In December of 1983, when Barack Obama was 22, he met Genevieve Cook, one of his first loves. It was at a Christmas party at the East Village in New York. And Obama wrote of her in his memoirs:

“There was a woman in New York that I loved,” he wrote. “She was white. She had dark hair, and specks of green in her eyes. Her voice sounded like a wind chime. We saw each other for almost a year. On the weekends, mostly. Sometimes in her apartment, sometimes in mine. You know how you can fall into your own private world? Just two people, hidden and warm. Your own language. Your own customs. That’s how it was.”

Yet, Genevieve’s diaries spoke of a man whose warmth was still cold, distant at times. He harboured dreams, wanted to effect change, yet hid so much about his past, and erected walls. When Genevieve told him he loved her, his reply was “thank you”.

The sexual warmth is definitely there—but the rest of it has sharp edges and I’m finding it all unsettling and finding myself wanting to withdraw from it all. I have to admit that I am feeling anger at him for some reason, multi-stranded reasons. His warmth can be deceptive. Tho he speaks sweet words and can be open and trusting, there is also that coolness—and I begin to have an inkling of some things about him that could get to me. – Genevieve’s diary

And in the end, their love and connection wasn’t enough. He was in pursuit of something entirely different, searching still for himself, only at the beginning of crafting his identity. Obama was still coming to terms with who he was- black or white, american or international, but Genevieve, hailing from distinguished, white and upper-class families, no longer fit in his path. In his memoirs, he describes it,

“I pushed her away. We started to fight. We started thinking about the future, and it pressed in on our warm little world.”

The future, pressing in on warm little worlds no longer big enough for two.

Source: Vanity Fair


A couple of days back I was having brunch at a a nice cafe/restaurant, one of those that seem to attract many families with little ones in tow. At the table next to mine sat a lady with two daughters, probably about 7-9 years old. I wondered where her husband was. She looked distant, perhaps he was away on a business trip. At first it seemed hard to tell if she was their mother, as their conversations sounded like that between equals, and not of a typical parent-child relationship. They were free to order as many cupcakes as they wanted, eat whatever, and however much they cared to devour. But what caught my attention immediately was that the mother was sipping a glass of white wine at lunch, and then ordered another promptly after she was done. At which point one of her daughters said:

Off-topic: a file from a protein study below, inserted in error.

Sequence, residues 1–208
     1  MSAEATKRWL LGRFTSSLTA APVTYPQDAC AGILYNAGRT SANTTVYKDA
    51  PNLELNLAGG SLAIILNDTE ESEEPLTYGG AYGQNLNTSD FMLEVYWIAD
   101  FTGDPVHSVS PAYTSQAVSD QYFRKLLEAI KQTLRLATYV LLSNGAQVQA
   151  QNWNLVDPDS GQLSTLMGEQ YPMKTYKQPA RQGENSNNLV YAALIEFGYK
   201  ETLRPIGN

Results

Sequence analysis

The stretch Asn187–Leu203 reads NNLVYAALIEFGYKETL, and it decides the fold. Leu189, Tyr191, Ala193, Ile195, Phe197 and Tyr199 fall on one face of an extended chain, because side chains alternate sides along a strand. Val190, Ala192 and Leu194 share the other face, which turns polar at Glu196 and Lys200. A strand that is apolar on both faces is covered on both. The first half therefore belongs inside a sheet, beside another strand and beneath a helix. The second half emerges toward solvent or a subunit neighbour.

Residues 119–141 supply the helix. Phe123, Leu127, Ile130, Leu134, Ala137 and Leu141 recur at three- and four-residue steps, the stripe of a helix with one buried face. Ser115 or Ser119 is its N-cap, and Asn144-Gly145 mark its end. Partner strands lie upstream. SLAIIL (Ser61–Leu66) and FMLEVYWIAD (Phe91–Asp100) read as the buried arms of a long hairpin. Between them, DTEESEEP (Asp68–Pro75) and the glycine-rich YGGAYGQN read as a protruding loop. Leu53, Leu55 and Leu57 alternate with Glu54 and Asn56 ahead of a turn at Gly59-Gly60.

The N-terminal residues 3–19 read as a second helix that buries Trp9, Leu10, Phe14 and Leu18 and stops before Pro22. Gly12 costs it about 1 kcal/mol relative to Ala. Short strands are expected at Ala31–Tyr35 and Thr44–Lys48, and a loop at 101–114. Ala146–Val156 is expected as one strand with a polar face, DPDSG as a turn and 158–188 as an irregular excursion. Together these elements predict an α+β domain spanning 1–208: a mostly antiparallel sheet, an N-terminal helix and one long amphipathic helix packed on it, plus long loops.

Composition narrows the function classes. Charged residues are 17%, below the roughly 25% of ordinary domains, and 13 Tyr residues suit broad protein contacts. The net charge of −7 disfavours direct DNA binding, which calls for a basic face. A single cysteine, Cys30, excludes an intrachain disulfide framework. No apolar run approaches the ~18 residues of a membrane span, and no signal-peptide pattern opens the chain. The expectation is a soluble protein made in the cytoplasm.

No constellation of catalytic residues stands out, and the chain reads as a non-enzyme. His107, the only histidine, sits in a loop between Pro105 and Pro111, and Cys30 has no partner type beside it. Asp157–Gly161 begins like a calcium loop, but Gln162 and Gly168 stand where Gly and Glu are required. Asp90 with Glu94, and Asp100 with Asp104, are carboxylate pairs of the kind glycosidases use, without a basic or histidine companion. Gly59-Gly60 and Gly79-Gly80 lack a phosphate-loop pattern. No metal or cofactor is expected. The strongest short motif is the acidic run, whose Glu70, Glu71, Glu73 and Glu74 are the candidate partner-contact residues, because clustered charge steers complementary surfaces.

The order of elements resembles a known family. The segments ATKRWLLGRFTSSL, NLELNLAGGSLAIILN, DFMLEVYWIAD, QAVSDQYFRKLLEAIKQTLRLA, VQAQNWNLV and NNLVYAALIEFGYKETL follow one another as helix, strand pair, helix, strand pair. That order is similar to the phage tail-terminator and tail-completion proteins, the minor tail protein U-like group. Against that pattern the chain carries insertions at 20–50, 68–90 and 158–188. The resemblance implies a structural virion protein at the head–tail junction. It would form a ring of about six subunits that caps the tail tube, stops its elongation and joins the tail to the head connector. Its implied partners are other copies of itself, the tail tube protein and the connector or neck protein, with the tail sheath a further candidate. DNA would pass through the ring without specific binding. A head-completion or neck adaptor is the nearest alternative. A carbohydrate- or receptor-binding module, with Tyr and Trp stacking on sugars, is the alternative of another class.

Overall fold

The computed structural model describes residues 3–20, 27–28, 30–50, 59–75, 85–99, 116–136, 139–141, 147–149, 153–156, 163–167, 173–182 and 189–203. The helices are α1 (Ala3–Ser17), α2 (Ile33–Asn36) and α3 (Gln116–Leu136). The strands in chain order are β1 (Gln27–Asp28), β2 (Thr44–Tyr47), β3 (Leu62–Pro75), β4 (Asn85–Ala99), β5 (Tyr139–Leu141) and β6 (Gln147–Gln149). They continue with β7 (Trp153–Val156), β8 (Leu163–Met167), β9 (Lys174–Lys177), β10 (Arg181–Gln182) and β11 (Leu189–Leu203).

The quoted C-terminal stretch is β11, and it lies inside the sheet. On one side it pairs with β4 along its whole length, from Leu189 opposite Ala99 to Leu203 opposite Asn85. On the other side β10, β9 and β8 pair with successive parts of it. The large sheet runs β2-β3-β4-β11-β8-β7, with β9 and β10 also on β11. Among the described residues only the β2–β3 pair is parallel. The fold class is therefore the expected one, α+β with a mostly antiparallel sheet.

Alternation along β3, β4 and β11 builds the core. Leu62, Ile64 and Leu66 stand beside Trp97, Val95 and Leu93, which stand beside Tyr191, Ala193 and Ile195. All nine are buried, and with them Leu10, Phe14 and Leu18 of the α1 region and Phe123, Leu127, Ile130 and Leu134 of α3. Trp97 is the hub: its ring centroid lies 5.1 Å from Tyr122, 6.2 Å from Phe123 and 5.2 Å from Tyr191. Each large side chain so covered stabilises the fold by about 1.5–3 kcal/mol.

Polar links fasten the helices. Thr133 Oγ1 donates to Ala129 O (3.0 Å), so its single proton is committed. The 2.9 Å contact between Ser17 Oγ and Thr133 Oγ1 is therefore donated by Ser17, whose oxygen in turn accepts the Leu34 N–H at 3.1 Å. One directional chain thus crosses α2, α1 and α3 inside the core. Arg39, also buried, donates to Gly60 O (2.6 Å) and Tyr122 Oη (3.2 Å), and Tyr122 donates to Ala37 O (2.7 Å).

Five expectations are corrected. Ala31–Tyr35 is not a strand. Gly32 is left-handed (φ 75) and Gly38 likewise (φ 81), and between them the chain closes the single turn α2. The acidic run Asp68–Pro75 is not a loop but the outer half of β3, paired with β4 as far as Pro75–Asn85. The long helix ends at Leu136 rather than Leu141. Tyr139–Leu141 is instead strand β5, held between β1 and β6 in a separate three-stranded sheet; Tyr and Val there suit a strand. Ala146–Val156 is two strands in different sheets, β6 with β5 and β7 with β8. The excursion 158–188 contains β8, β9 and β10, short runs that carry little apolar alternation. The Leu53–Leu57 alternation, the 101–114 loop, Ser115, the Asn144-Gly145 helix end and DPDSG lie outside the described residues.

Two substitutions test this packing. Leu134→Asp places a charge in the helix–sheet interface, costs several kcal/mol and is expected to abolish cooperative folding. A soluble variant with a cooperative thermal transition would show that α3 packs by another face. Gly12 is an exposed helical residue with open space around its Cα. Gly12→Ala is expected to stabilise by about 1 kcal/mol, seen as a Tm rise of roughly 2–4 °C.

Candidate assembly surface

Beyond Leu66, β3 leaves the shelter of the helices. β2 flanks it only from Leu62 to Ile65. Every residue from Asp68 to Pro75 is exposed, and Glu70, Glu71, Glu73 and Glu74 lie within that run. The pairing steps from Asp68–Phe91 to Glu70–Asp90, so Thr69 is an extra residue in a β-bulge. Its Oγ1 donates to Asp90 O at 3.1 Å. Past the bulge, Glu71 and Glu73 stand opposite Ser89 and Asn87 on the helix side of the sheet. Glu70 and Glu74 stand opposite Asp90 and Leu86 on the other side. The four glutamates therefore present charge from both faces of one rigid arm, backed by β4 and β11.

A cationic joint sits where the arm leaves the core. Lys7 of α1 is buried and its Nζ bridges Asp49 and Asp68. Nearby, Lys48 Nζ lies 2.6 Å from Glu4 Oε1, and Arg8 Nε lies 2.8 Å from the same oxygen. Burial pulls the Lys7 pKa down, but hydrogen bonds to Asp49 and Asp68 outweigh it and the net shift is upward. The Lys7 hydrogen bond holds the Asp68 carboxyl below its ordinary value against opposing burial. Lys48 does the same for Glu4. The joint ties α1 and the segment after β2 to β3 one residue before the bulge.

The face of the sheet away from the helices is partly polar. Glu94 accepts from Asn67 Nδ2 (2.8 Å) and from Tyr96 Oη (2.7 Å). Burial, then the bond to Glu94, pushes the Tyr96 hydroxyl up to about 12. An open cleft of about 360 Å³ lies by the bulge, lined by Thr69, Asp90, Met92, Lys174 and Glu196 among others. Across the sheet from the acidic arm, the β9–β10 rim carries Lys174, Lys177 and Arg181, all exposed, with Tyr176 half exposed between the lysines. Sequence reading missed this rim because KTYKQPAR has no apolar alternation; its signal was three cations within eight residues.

“You cannot drink too much, if not you can’t drive us home!”

Then I realised, If i ever have kids, there is a high chance that I may become just like the lady, dragging my daughters around for brunch and having prosecco for my first meal. Well at least I hope I would treat my daughters the way she did, talking to them as adults instead of talking down to them.

Yet another commencement speech, but this at least makes an attempt at being frank about life post-university. No, most of us won’t end up doing “great” things, like win nobel prizes, cure cancer etc., and soon, the working world teaches you that a lot of life is just about getting through the day-to-day grind, not trying to screw up too spectacularly, or faking it till you make it. The writer dispenses advice through a list: 10 things your commencement speaker won’t tell you. This is particularly true-

10. Don’t try to be great. Being great involves luck and other circumstances beyond your control. The less you think about being great, the more likely it is to happen. And if it doesn’t, there is absolutely nothing wrong with being solid.

Being “great” is overrated. I found being happy a much more worthwhile pursuit.

Tumblrs or blogs with funny gifs have been going on for awhile now but i just stumbled on BornAsian. It’s hilarious.

When white guys be all like “Ni Hao Ma?”

But my personal favourite is still whatshouldwecallme. It’s reserved especially for crappy uninspired days and a silly laugh goes a long way.

It absolutely has the funniest gifs. like this owning one:


Have you heard of the IG Nobel awards? (pun on ignoble). Just read something about it here. Apparently past winners include, for Biology: For the discovery that herring communicate with one another through farting.

And my favourite: My peace: To the mayor of Vilnius, Lithuania, Arturas Zuokas, for discovering that running over illegally parked luxury cars with tanks can effectively get rid of the problem of illegally parked cars. there is also a video, which is extremely funny and also features a gangsta-like eastern european figure, being all pissed his merc just got rolled over, and then thanking the mayor (as if).

This guy also deserves the award for his dedication- Medicine Prize given to Donald L. Unger for steadfastly only cracking the knuckles on one hand and not the other for 50 years in order to determine whether cracking knuckles can be a cause for arthritis in fingers.

For someone who cracks her knuckles pretty constantly, i can imagine the discipline and effort that goes into only cracking knuckles of one of your hands.